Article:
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FilmExposed Film Reviews

A FilmExposed Film Review

Downfall (Der Untergang) (15)

Downfall (Der Untergang) (15)

Dir: Oliver Hirschbiegel, 2005, Germany/Italy/Austria, 155 mins, German with English subtitles
Cast: Bruno Ganz, Ulrich Matthes, Juliane Kohler, Alexandra Maria Lara

In late April 1945 the Germans were close to surrender, the Russian tanks were continuing their fated march towards Berlin and Hitler (Ganz) was a man raging at general ineptitude. As the inevitable reared like a pantomime shadow across his battle plans he appeared to accept defeat and made plans for his demise. Reports of treason filtered through and as the Russians began shelling his world we see the end, to all concerned, in wide angled hideous detail.

Production wise this is an incredible achievement. Ruined Berlin, a monument to fallen decadence and destruction, is depicted in sumptuous detail, the bullets whizzing through the wreckage of a dream with immaculate attention to period authenticity. So it's a shame Downfall lacks any vestige of dramatic tension. You would have thought that the final days of such a despotic rule would throw up all sorts of incandescent source material. Not on this evidence. Just lots of people making Pollock prints on the wall with the help of a gun. Hitler shows he's the world's worst dinner party guest spitting with impotent rage over potatoes or explaining to the ladies that it's always better to put the gun in the roof of your mouth for a cleaner kill. At one point he gives his secretary a suicide pill with the words "Sorry I couldn't give you a better present".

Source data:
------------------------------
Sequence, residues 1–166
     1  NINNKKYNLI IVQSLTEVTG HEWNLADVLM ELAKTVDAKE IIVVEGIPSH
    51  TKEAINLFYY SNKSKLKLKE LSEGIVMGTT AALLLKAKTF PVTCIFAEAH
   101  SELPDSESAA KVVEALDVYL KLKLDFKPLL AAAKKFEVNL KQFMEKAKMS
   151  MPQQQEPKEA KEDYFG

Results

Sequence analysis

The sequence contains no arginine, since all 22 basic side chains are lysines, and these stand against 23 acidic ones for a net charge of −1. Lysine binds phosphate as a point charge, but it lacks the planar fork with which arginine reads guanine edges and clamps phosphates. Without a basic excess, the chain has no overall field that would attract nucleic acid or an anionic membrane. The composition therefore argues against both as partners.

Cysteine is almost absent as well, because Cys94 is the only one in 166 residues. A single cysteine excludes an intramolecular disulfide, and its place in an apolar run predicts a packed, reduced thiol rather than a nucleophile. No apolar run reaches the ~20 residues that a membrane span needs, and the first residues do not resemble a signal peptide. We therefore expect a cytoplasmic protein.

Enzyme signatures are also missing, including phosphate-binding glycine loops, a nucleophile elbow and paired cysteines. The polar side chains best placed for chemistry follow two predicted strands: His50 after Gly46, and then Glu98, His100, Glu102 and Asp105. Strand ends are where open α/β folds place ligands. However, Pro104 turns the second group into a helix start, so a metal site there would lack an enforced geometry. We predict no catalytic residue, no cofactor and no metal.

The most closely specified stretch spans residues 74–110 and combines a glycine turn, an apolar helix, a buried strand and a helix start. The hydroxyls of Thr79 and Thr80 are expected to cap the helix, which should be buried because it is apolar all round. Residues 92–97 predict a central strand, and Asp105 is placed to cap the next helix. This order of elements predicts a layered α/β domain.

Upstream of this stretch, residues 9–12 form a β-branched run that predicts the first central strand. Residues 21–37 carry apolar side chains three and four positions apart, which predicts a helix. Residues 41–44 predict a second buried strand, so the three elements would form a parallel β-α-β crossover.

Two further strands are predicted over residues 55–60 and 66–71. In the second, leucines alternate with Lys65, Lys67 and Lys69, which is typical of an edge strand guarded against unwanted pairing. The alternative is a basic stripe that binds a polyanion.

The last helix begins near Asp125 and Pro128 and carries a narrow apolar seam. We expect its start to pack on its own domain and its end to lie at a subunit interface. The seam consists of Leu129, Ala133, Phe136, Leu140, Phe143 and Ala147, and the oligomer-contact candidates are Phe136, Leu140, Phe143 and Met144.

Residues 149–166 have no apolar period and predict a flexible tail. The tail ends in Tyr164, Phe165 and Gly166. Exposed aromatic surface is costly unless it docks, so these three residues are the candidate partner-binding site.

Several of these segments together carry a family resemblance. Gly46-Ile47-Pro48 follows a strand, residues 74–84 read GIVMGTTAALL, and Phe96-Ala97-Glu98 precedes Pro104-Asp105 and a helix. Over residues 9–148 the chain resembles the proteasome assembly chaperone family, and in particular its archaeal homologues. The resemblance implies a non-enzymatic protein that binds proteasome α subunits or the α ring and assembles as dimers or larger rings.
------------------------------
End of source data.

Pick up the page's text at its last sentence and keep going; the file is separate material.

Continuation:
Ganz's portrayal is weak even taking into account that this is a man who is losing his men by the second. Significantly better is Goebbels (Matthes) who with his tightly wrapped brown jacket and coal black eyes is the perfect incumbent of evil overseeing the suicide of his children with impassive disregard. All the other generals are interchangeable, equally repugnant, salivating tyrants bellowing lines with ferocity. Unfortunately we don't see much of Hermann Hesse, depicted here as a dissolute playboy indulging in bacchanalian orgies just as the Russians are marching through the city walls.

A thread of a story lies with Traudl Junge (Alexandra Maria Lara), Hitler's secretary, who manages to evade the Russian forces in what could have been filmed as an impetuous escape to freedom. Instead it spools out as an insipid wander through a bunch of dancing Cossacks and then a bike ride through laden hose country as if making it into a picture postcard ending somehow makes up for all the dramatic gravitas atrophied elsewhere. As a film Downfall emerges as a monumental disappointment.


Rob McCrae

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